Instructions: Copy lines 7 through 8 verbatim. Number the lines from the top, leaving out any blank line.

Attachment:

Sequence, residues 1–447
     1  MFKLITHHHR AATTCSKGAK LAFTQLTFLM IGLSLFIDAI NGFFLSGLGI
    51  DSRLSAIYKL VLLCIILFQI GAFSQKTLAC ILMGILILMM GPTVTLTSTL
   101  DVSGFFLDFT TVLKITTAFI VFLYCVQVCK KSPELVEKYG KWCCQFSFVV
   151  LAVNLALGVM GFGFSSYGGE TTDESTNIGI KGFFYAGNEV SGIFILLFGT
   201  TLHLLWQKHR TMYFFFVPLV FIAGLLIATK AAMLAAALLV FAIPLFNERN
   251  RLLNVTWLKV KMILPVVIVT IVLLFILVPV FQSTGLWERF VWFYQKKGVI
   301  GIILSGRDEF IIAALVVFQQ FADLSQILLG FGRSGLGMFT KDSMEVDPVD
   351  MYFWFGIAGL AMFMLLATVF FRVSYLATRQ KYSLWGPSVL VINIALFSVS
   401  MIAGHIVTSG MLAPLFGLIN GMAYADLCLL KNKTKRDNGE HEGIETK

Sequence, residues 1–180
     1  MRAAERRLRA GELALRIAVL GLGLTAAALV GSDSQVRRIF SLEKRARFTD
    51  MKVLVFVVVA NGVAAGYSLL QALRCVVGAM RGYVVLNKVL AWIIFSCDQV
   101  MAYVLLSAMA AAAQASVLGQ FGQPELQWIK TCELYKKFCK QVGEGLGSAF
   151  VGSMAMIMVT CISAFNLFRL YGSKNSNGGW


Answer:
   251  RLLNVTWLKV KMILPVVIVT IVLLFILVPV FQSTGLWERF VWFYQKKGVI
   301  GIILSGRDEF IIAALVVFQQ FADLSQILLG FGRSGLGMFT KDSMEVDPVD